Explaining the Objective-Subjective Memory Discrepancy in Epilepsy
MetadataShow full item record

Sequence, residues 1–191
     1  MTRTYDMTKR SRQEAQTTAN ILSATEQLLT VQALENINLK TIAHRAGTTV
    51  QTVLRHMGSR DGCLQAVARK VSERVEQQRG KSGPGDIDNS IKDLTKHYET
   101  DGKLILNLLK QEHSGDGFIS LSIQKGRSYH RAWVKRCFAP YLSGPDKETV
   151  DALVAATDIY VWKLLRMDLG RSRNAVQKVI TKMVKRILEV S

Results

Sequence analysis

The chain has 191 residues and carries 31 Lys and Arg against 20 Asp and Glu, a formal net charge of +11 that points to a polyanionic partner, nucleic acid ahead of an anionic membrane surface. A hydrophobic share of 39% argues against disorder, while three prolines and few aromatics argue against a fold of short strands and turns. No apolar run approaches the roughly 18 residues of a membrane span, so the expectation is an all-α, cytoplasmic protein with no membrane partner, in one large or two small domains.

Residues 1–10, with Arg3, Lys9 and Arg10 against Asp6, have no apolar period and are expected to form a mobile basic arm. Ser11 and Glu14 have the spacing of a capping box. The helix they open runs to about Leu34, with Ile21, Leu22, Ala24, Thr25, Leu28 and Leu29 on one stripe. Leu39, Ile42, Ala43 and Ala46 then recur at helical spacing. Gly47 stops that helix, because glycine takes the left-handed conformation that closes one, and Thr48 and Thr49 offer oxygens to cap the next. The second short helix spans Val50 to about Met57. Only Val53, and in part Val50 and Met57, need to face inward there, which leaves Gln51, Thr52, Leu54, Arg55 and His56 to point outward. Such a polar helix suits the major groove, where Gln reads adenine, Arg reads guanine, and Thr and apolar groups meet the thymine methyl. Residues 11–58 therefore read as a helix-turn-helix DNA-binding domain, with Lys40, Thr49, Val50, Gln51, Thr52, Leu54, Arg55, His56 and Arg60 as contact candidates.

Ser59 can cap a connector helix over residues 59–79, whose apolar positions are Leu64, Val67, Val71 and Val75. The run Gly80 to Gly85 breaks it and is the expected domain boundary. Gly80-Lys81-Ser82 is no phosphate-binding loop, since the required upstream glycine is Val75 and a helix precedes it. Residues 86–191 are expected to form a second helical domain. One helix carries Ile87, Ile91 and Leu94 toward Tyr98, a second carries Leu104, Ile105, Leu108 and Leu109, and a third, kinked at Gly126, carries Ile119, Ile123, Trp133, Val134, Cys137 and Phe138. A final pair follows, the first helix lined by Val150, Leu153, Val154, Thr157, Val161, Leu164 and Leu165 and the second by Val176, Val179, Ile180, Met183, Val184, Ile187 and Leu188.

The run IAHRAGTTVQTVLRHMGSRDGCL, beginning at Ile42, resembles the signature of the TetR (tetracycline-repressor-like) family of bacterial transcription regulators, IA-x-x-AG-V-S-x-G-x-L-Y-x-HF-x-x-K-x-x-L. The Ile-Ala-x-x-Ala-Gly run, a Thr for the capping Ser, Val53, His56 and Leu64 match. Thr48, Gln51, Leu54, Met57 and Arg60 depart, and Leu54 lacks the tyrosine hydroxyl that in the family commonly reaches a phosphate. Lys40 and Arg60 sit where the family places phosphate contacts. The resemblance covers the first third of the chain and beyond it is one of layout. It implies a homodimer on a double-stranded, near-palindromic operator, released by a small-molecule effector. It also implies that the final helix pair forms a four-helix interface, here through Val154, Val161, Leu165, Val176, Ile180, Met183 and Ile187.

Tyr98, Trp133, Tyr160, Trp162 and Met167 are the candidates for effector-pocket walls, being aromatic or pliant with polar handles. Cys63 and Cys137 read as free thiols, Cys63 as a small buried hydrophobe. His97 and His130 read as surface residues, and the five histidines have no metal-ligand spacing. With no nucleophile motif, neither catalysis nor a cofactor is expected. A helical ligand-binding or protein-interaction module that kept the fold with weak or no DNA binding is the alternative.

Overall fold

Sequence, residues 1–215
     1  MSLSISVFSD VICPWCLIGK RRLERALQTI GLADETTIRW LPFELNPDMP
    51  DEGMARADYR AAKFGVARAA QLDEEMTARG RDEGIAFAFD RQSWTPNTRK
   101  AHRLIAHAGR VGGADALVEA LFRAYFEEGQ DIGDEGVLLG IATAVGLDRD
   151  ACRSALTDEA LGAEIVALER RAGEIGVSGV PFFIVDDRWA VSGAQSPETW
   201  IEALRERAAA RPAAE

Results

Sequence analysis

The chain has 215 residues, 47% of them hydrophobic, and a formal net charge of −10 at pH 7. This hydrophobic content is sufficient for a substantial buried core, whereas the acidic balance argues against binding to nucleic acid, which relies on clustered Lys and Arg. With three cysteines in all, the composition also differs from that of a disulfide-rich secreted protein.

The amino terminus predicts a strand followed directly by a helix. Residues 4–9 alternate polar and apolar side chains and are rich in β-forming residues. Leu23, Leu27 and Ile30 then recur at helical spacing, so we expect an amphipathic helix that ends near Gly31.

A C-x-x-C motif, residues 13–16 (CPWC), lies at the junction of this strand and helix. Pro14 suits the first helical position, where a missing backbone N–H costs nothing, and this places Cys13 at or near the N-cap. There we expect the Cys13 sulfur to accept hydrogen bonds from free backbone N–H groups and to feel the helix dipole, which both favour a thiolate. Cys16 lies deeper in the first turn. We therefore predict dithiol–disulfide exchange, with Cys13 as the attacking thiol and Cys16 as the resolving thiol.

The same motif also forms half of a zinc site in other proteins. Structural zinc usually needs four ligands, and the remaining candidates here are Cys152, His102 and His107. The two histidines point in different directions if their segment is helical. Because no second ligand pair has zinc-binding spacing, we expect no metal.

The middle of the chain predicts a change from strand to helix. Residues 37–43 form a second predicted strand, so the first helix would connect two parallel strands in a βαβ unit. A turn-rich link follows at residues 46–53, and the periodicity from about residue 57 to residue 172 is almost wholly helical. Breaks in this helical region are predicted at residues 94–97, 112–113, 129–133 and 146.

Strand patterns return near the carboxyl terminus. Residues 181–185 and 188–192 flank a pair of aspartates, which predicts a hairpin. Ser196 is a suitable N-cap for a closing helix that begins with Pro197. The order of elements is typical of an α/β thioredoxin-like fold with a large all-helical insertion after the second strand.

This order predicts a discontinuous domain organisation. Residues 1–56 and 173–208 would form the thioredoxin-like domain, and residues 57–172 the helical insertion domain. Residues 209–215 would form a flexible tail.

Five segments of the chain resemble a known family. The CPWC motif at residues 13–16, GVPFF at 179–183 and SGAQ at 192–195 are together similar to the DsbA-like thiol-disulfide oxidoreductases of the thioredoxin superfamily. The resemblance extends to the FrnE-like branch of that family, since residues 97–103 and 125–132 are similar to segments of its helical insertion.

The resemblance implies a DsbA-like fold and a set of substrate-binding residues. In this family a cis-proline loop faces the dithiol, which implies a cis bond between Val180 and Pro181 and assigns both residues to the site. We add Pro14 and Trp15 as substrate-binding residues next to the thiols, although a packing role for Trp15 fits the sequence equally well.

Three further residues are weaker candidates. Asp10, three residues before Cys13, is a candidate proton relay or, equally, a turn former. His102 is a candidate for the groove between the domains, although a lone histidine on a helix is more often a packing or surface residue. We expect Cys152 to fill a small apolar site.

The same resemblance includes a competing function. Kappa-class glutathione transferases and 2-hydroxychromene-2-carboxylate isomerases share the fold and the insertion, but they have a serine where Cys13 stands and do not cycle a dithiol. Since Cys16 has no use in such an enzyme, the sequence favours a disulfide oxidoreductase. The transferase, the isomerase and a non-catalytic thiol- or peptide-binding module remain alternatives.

Previous research has shown that epilepsy patients frequently report increased memory impairments compared to the normal population but that their performance on standardised memory tests does not reflect this, displaying an “objective-subjective memory discrepancy” not seen in healthy controls (e.g. Witt et al., 2012). Multiple factors have been proposed to explain this phenomenon, many summarised comprehensively by Hall et al. (2009). These explanations include methodological flaws in both objective and subjective memory assessment as well as potential influences on subjective memory report such as anxiety/depression and illness perceptions. In light of these proposals, this study aimed to assess whether the objective-subjective memory discrepancy remains to be seen in epilepsy patients when they are assessed with an ecologically valid objective memory test, the Rivermead Behavioural Memory Test- Extended Version (RBMT-E) and a comprehensive subjective memory questionnaire, the Prospective Retrospective Memory Questionnaire (PRMQ). Further to this the study aimed to investigate estimated IQ, verbal fluency, longer-term memory failures, anxiety/depression and illness perceptions as potential explanatory factors for the objective-subjective memory discrepancy in epilepsy patients, acting by inflating subjective memory report. Correlational and regression analysis was used to investigate predictors of subjective memory report in patients and this analysis was also performed on control participant data for comparison purposes. This study has found evidence to support an objective-subjective memory discrepancy in epilepsy, with no relationship seen between the two forms of memory assessment, despite worse memory performance in both compared to healthy controls. No evidence was found in support of hypotheses that verbal fluency difficulties may be misreported as subjective memory complaints, therefore influencing the discrepancy, or that objective memory measures are failing to detect memory difficulties in epilepsy patients due to them being too short-term in nature. Subjective memory complaints in epilepsy patients were found to be best predicted in this case by both estimated premorbid IQ and anxiety/depression symptoms, after accounting for IQ effects. This suggests a potential explanatory role for these factors in the objective-subjective memory discrepancy. Lower premorbid IQ and increased anxiety/depression symptoms in epilepsy can be proposed to influence the objective-subjective memory discrepancy seen in epilepsy patients as they inflate subjective memory reports whilst having no effect on objective memory performance. Indications of an influence of illness perceptions in predicting subjective memory complaints, after controlling for effects of IQ and anxiety/depression, were also observed. This finding however was only approaching significance and so the role of illness perceptions in the subjective-objective memory discrepancy in epilepsy therefore warrants future investigation.